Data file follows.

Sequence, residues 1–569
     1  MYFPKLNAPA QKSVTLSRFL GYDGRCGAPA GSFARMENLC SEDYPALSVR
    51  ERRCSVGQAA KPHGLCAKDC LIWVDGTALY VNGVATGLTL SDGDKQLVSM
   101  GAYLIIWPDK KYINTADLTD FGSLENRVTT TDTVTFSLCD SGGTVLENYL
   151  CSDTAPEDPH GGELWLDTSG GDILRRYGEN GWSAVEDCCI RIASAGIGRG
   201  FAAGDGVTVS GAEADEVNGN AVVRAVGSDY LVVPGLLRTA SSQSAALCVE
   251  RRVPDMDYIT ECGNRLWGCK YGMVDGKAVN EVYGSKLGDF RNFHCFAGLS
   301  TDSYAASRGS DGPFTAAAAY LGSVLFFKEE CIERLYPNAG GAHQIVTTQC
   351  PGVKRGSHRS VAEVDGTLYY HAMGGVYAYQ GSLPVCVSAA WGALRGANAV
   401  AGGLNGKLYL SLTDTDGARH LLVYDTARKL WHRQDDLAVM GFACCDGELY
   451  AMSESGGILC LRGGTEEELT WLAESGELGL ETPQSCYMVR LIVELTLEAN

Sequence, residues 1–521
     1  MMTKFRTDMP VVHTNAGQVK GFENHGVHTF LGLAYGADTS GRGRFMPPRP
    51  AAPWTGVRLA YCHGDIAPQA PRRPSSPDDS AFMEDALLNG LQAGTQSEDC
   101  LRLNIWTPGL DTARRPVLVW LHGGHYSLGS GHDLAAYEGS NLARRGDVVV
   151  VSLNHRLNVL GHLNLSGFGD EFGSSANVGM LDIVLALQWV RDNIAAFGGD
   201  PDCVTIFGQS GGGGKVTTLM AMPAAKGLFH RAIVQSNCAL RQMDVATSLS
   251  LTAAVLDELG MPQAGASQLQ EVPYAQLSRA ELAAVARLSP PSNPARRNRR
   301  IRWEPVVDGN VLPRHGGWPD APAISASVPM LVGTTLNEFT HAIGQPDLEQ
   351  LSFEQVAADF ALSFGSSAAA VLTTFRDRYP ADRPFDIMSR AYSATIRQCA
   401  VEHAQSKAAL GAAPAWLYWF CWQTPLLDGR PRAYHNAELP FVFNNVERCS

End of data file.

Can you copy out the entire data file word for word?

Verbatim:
Sequence, residues 1–569
     1  MYFPKLNAPA QKSVTLSRFL GYDGRCGAPA GSFARMENLC SEDYPALSVR
    51  ERRCSVGQAA KPHGLCAKDC LIWVDGTALY VNGVATGLTL SDGDKQLVSM
   101  GAYLIIWPDK KYINTADLTD FGSLENRVTT TDTVTFSLCD SGGTVLENYL
   151  CSDTAPEDPH GGELWLDTSG GDILRRYGEN GWSAVEDCCI RIASAGIGRG
   201  FAAGDGVTVS GAEADEVNGN AVVRAVGSDY LVVPGLLRTA SSQSAALCVE
   251  RRVPDMDYIT ECGNRLWGCK YGMVDGKAVN EVYGSKLGDF RNFHCFAGLS
   301  TDSYAASRGS DGPFTAAAAY LGSVLFFKEE CIERLYPNAG GAHQIVTTQC
   351  PGVKRGSHRS VAEVDGTLYY HAMGGVYAYQ GSLPVCVSAA WGALRGANAV
   401  AGGLNGKLYL SLTDTDGARH LLVYDTARKL WHRQDDLAVM GFACCDGELY
   451  AMSESGGILC LRGGTEEELT WLAESGELGL ETPQSCYMVR LIVELTLEAN

Sequence, residues 1–521
     1  MMTKFRTDMP VVHTNAGQVK GFENHGVHTF LGLAYGADTS GRGRFMPPRP
    51  AAPWTGVRLA YCHGDIAPQA PRRPSSPDDS AFMEDALLNG LQAGTQSEDC
   101  LRLNIWTPGL DTARRPVLVW LHGGHYSLGS GHDLAAYEGS NLARRGDVVV
   151  VSLNHRLNVL GHLNLSGFGD EFGSSANVGM LDIVLALQWV RDNIAAFGGD
   201  PDCVTIFGQS GGGGKVTTLM AMPAAKGLFH RAIVQSNCAL RQMDVATSLS
   251  LTAAVLDELG MPQAGASQLQ EVPYAQLSRA ELAAVARLSP PSNPARRNRR
   301  IRWEPVVDGN VLPRHGGWPD APAISASVPM LVGTTLNEFT HAIGQPDLEQ
   351  LSFEQVAADF ALSFGSSAAA VLTTFRDRYP ADRPFDIMSR AYSATIRQCA
   401  VEHAQSKAAL GAAPAWLYWF CWQTPLLDGR PRAYHNAELP FVFNNVERCS